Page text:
OK, maybe Yellow Journalism is a nebulous term. But it sure ain't responsible journalism and it reeks of AMPTP propaganda.
Leaks are all over the media about a tentative agreement with the WGA. Yet the media blackout is still on. The WGA has made no announcement to members yet. The WGA members have yet to consider, discuss, or vote for any agreement. They don't even know what it is. So how can the media possibly responsibly report that an agreement has been reached, unless all the WGA terms have been met. Even so, it's a low AMPTP tactic to pressure writers to accepting whatever it is.
The word is out in supposedly responsible media, like th NY Times (an AMPTP related subsidiary no doubt) that an agreement has been reached.
What happens now if WGA members don't like what the terms are? They have now been put into a pressured position by the media to agree to end the strike. This release makes it all appear on their shoulders, even before anyone knows the terms, even before formal talks have resumed. They're still in informal talks, right?
What a load of AMPTP propaganda media agenda setting bullshit.
This could be a news release that went out over a news service and got picked up, or maybe AMPTP people affiliated with big media planted the stories. The story itself is one of all rumors. There are no credible people making statements. No names at all. Just "sources".
So the act of publishing this before writers have a chance to even look at it will create lots of hope which will then be dashed once writers see what the deal really is, or if there is one. That will demoralize writers and stack public opinion against them, especially public opinion of people being hurt by the strike.
Like they say, there isn't anything legal on paper yet. There is no fine print to examine and check for loopholes. the talks are still informal. Until there is something legal on paper, there is no deal. It is wrong to print anything about a deal until that point. These media stories are pure propaganda and the lowest form of yellow journalism.
Here's what UnitedHollywood.com has to say about it:
Mark Evanier provides some very wise precautionary words on his blog News From Me, putting what's happening in negotiations in the context of past strike experiences. Here's an excerpt:
... it's a fine, even prudent idea to not get one's hopes too high. It is a not uncommon negotiating technique to get the other side into the mindset that the deal is done, and then to throw in a last second demand. In past WGA-AMPTP contracts, negotiating has even continued after the deal was made and ratified. Weeks, even months after the '81, '85 and '88 strikes were settled and work resumed, reps from the studio side were still arguing over what had been agreed to, insisting that their notes said we'd agreed to X when we were certain we'd consented to Y. And even when we all agree on what we all agreed upon, we can't always agree on the interpretation of some clauses and codicils.....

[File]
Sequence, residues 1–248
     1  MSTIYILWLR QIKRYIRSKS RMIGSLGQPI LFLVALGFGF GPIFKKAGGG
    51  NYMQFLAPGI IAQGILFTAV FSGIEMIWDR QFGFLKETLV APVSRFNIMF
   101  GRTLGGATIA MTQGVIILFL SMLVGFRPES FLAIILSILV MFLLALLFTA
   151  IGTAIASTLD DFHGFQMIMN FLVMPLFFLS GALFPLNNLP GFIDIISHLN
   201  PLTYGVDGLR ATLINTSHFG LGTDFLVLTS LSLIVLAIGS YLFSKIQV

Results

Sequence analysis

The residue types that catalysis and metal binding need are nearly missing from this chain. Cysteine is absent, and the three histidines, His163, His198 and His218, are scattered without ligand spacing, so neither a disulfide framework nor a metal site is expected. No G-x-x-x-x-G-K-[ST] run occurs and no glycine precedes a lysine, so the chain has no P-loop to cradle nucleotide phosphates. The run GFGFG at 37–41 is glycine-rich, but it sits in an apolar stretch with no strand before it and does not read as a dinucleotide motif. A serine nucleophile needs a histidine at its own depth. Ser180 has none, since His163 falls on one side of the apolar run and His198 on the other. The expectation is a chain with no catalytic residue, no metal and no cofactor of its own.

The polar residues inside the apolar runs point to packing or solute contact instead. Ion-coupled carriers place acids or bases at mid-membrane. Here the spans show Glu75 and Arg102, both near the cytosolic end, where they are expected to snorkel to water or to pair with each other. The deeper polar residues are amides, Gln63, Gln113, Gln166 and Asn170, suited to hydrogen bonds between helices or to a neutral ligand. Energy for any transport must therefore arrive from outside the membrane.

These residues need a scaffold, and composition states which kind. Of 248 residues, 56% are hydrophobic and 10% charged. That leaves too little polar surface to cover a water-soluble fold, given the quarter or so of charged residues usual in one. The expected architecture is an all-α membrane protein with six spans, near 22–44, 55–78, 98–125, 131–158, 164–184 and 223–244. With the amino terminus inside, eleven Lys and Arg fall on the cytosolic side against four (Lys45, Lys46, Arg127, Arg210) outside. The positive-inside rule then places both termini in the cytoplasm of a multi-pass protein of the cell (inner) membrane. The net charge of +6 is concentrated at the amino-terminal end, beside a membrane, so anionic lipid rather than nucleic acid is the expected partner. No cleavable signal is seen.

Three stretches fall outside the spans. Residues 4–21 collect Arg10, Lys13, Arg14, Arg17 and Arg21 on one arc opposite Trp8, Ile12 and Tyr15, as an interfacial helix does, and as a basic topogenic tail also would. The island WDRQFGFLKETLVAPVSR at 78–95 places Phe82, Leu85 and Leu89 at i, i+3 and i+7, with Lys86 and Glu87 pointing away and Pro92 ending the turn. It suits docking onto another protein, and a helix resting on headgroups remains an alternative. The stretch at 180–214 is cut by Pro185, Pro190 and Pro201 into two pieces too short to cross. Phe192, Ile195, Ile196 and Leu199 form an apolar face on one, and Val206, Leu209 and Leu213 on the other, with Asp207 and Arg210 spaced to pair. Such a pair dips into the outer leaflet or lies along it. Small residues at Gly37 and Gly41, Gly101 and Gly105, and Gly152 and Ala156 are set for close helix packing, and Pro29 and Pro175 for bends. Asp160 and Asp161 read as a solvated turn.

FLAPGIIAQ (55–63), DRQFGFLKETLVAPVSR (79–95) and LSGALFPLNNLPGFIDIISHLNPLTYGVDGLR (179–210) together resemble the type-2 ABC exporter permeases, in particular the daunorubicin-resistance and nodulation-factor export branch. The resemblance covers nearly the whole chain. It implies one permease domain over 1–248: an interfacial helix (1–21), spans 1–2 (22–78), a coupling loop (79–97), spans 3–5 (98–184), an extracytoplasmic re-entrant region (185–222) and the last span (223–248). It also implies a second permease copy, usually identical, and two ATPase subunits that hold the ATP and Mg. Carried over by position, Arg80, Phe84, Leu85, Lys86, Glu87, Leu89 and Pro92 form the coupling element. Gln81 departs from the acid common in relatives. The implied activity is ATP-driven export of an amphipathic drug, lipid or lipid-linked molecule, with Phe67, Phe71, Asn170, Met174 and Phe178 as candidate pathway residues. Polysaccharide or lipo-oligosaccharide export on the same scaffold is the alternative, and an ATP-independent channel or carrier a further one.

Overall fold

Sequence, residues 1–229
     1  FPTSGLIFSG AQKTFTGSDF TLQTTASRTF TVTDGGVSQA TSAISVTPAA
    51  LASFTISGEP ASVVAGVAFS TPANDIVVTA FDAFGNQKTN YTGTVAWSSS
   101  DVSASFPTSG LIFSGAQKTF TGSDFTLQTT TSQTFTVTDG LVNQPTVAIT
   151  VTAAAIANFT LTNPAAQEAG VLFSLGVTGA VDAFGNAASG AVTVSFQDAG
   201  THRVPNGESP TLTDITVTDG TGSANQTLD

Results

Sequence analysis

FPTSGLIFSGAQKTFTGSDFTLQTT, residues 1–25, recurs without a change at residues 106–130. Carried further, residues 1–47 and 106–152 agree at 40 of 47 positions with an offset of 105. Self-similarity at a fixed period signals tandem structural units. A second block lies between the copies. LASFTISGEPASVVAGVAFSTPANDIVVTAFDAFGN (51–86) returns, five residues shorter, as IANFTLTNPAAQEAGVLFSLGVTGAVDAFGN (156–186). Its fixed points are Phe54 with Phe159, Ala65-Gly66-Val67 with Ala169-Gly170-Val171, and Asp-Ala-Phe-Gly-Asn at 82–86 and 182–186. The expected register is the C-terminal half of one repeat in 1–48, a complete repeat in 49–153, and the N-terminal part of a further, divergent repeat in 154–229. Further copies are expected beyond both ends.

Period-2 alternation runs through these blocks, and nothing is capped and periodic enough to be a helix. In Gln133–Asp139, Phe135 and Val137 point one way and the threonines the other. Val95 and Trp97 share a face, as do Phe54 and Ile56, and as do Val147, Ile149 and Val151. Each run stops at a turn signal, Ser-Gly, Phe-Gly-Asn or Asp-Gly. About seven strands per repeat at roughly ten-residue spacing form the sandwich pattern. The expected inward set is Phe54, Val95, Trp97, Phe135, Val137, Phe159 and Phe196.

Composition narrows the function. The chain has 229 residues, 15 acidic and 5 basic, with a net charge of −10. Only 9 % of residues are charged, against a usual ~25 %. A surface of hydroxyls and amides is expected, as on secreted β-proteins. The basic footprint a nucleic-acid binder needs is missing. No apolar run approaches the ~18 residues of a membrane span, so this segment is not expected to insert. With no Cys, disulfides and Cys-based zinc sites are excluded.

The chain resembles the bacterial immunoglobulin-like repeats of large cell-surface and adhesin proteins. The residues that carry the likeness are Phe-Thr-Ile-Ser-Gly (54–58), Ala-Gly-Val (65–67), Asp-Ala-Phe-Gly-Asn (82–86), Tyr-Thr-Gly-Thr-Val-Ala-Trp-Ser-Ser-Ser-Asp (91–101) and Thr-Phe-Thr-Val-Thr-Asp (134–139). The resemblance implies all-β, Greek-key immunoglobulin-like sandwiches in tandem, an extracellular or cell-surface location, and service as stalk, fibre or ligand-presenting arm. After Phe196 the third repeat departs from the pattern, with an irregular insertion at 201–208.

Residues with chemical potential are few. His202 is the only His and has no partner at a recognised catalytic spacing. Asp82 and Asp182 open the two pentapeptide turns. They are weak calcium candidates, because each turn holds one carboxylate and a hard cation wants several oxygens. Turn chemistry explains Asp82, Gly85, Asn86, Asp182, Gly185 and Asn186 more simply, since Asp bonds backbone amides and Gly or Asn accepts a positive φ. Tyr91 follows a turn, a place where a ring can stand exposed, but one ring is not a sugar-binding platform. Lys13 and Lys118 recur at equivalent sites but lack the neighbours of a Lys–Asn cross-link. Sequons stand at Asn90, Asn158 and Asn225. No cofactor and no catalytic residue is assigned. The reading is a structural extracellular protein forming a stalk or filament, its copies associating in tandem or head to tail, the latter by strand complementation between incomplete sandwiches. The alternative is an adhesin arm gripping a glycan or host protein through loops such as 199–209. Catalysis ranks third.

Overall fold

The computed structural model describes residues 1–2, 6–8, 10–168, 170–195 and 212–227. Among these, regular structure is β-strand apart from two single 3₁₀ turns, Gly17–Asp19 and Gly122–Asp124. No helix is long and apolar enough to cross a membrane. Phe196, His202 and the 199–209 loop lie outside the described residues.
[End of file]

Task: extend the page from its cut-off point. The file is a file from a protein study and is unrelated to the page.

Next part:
From Nikki Finke's DeadlineHollywoodDaily.com:
....United Hollywood, the unofficial website for WGA info, says: "UH has confirmed from off-the-record sources that progress is indeed being made in the informal talks, and that creative solutions to the biggest differences between the AMPTP and the WGA have gotten the tentative and cautious approval of both sides. This does not mean there is a deal in principle yet. It means we may, finally, be very close to one -- as close as days away. And while we're cautiously optimistic about what we're hearing, it comes with a real caveat.
Skip to the comments to find the following, apparently from a pro screenwriter. Regardless of who it's from, it makes a lot of sense. Most of the other comments are likely from anonymous studio shills.
Anybody else notice that nobody is posting under real names here any more? I am a journalist turned TV/screenwriter and now a strike captain in the East and I am trying to buck the trend (please be kind).
I know this much is true: anyone leaking information to Nikki, or Michael Cieply, or anyone is guilty of violating the media blackout. They might just really want to be the Selfless Citizen (or Important Source) who Gets The Real News Out First, but my experience as a journalist tells me that — even if they DO have the insider information they claim — they have an AGENDA.
To me the situation is simple: You can’t be “almost” settled, any more than a woman can be “almost” pregnant. And dangling these kinds of rumors may get some people’s hopes up to make them more desperate to settle. That is at least one agenda here. Especially with stories like the LA TImes’ focusing on below-the-line workers’ anger.
If anything has been consistent during the strike, it has been the efforts to divide and conquer the guild. And the way the press works, they’re excited by squabbles, so they will publish an op-ed by a one-man political party ( John Ridley), or pick up on an email from John Wells and turn it into an official reaction to try to stir the pot. This site, for all its intentions, has also fomented flaming and bitchiness, much of it under the cloak of anonymity. And it was, conveniently or not, on hiatus when the plan went down that everyone predicted — the quick deal with the nonstriking DGA as a slap in the face to those of us on the picket lines.
The United Hollywood site has provided writers a forum to voice their support when rumors of schisms were touted, and to voice honest caution in the face of rampant email, blog, and even print journalism all rushing to be the first to say the deal is done.
I am certainly not in favor of anyone being out of work any longer, but it would be asinine and suicidal for the writers to now explode their just quest for a fair deal thanks to some mind-fuck of an endgame.
Comment by David Handelman